The Committee raised many other issues highlighted in our report, including sexual assault of students by teachers, FGM, discrimination against children with disabilities, and child domestic workers. For more details about today’s review, follow tweets at @alb68.

In just a few weeks, the Committee will issue its Concluding Observations and Recommendations from today’s review.

Concerns surrounding Ethiopia’s general elections

Ethiopia will also hold its parliamentary elections on Sunday, May 24th. According to Ethiopia’s Fana Broadcasting Corporate, about 36.8 million people have voting cards, and the nation has set up 45,000 polling stations across the country.

Ethiopia’s Prime Minister, Hailemariam Desalegn, who is running for re-election, has never run for the post of prime minister before. He took over leadership of the Ethiopian People’s Revolutionary Democratic Front (EPRDF) after the death of the former Prime Minister, Meles Zenawi. The EPRDF, the current ruling party, has won four consecutive elections in Ethiopia, winning the 2010 elections with 99.6% of the vote. Several opposition groups fear this election will have the same result.

Oromo groups, in particular, have been campaigning against the EPRDF, but according to an Al Jazeera report, this campaigning has prompted the government to place an even stronger grip on its citizens, increasing repression of their basic political liberties. Since 2010, the government has shut down the majority of independent media sources in Ethiopia, and so the Ethiopian media itself does not provide much coverage of election issues. Many sources that provide information to media and human rights groups are often targeted by the Ethiopian government, and many diaspora websites are blocked. At the same time, citizens fear the consequences of voting for an opposition party, worried that it will lead to even more repression.

Looking back on the past year

With all that’s taking place in Ethiopia over the next few days, it’s an important time to look back and reflect on what’s happened and the advocacy The Advocates has been engaging in with the diaspora over the past year:

(1) Oromo student protests

Oromo students protesting in Burayu. Image courtesy of Gadaa.com. http://gadaa.com/oduu/25775/2014/05/02/breaking-news-oromoprotests-buraayyuu-oromiyaa/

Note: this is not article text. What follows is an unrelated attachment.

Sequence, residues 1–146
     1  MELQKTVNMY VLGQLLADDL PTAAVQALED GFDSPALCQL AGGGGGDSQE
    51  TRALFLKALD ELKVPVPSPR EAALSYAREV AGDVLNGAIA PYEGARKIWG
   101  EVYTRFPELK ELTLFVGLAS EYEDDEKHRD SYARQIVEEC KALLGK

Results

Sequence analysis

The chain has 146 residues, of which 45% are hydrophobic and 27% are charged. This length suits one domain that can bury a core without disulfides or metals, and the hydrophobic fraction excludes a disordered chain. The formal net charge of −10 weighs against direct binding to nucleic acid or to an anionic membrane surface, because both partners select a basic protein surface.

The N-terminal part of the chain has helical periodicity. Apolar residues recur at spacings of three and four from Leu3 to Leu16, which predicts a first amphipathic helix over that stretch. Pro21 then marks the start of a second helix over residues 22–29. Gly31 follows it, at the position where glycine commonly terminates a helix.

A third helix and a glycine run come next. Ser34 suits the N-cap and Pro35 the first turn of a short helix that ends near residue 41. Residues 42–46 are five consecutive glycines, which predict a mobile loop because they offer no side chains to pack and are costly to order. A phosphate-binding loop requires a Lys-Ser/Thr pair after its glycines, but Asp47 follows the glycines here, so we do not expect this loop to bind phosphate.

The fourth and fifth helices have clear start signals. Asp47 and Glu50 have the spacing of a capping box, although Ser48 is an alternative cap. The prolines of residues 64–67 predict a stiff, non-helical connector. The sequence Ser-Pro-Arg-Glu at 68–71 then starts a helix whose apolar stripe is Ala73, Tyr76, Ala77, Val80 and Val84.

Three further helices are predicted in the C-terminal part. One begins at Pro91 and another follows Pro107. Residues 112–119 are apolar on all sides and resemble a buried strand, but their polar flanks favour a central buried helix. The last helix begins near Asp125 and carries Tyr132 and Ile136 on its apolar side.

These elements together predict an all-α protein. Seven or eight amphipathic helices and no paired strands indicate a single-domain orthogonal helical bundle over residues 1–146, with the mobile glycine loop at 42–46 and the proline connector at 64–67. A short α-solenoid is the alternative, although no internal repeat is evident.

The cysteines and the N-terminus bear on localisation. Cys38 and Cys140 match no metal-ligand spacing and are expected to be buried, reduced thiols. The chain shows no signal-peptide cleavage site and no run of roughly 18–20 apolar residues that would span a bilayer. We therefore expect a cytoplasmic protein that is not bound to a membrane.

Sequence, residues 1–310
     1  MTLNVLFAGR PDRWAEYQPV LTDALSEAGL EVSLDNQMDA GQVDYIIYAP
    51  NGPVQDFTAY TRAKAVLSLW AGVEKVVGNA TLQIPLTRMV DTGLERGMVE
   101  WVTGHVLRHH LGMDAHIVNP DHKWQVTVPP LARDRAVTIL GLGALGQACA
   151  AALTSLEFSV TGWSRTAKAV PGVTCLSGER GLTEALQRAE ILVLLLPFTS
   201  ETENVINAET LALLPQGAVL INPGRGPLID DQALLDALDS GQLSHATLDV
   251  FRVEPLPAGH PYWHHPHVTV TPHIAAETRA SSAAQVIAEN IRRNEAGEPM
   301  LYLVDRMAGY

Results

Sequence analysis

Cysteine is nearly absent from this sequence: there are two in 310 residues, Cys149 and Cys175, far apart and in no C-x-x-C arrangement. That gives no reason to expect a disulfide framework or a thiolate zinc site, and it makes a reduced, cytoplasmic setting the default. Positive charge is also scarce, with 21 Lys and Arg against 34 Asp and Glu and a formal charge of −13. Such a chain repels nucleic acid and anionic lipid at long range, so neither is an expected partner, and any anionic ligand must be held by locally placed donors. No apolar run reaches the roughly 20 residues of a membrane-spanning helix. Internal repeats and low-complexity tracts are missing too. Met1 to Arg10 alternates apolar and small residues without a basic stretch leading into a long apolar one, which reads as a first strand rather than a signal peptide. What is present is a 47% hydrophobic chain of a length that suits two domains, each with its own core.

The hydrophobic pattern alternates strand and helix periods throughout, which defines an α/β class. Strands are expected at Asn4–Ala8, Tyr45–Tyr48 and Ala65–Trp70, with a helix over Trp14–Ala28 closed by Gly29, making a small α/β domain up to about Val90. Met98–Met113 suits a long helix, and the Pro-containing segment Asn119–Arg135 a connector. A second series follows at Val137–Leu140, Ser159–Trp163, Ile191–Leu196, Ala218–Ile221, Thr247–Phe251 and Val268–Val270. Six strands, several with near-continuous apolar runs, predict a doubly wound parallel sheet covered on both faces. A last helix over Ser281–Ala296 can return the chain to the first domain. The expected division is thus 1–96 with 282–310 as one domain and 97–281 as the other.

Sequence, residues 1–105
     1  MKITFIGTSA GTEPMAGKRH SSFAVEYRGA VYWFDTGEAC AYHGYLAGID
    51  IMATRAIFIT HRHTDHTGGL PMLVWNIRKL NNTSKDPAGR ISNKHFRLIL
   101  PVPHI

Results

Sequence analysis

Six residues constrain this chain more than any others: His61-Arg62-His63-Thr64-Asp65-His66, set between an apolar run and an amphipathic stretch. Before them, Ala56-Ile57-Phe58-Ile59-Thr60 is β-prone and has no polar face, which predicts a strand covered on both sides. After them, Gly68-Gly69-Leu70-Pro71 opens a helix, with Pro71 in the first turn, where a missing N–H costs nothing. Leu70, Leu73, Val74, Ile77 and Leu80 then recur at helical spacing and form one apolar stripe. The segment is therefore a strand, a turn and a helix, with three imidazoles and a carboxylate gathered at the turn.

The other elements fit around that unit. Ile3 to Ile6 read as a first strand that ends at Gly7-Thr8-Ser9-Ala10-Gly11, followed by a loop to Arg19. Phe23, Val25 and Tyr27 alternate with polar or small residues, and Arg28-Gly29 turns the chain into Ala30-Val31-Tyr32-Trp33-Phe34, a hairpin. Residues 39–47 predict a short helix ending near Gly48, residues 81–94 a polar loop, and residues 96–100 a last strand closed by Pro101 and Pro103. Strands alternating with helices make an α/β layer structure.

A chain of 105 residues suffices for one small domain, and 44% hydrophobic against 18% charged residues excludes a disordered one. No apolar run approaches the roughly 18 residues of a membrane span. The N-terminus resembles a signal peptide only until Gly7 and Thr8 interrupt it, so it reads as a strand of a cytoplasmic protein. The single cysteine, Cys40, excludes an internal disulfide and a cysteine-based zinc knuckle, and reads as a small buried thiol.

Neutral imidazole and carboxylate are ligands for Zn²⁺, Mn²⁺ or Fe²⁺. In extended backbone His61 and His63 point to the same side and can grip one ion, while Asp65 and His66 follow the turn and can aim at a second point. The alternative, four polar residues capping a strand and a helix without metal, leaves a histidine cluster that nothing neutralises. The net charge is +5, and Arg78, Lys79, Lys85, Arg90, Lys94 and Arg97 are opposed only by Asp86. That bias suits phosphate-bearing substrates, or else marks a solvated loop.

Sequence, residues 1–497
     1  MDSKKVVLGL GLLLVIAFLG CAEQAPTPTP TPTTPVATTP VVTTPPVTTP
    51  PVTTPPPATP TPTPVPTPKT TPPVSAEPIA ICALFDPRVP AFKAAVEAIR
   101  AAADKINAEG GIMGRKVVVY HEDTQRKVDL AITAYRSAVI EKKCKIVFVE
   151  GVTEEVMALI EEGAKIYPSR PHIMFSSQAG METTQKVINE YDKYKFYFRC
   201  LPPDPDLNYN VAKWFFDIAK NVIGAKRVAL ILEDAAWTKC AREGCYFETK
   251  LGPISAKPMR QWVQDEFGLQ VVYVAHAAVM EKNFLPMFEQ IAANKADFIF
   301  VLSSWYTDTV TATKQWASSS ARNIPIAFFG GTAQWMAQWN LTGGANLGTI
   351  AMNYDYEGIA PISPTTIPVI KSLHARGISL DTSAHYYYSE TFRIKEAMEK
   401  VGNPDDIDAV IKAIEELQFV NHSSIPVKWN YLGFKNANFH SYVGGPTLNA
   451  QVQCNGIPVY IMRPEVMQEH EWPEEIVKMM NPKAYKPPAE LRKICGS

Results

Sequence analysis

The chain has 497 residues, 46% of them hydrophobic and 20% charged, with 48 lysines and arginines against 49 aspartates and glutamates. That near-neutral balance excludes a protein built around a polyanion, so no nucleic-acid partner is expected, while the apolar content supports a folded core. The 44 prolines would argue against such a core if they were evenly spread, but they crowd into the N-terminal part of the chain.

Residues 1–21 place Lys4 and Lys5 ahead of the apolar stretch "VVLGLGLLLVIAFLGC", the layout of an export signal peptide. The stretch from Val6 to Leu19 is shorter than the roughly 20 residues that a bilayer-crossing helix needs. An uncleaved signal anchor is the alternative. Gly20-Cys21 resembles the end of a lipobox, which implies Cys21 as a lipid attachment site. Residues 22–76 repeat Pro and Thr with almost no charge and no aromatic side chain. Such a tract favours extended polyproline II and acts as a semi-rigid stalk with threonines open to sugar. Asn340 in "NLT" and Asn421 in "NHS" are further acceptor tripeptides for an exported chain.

We’re now one year on from the Oromo student protests, highlighted by a blog series at The Advocates Post last year. Human rights organizations and Oromo diaspora groups, while outraged by the events in Ethiopia, have been unable to intervene directly due to the government’s strict limitations on independent human rights work within the country. Instead, the Oromo diaspora began awareness-raising movements here in Minnesota and around the world, using the #OromoProtests hashtag, and inviting others to join the movement. The Oromo diaspora organized several programs and made use of various tactics from The Advocates’ Paving Pathways appendix on “Using Popular Social Media Platforms for Effective Human Rights Advocacy.”

 (2) Ethiopia’s turn in the Universal Periodic Review

The Ethiopian Government's delegation to the Universal Periodic Review on May 6, 2014, chaired by State Minister of Foreign Affairs Berhane Gebre-Christos

At the time of the protests,Ethiopia was up for review as part of the United Nations’ Universal Periodic Review (UPR). The Advocates, along with members of the Oromo diaspora in Minnesota, prepared a stakeholder report for Ethiopia’s review. We lobbied the Geneva missions of several foreign governments, urging them to raise issues surrounding discrimination targeting Oromos and the student protests to Ethiopia’s government.

In September, the UN Human Rights Council formally adopted the outcome of the UPR of Ethiopia. As we reported at the time, there were some fireworks as civil society organizations challenged the Ethiopian government’s repressive policies.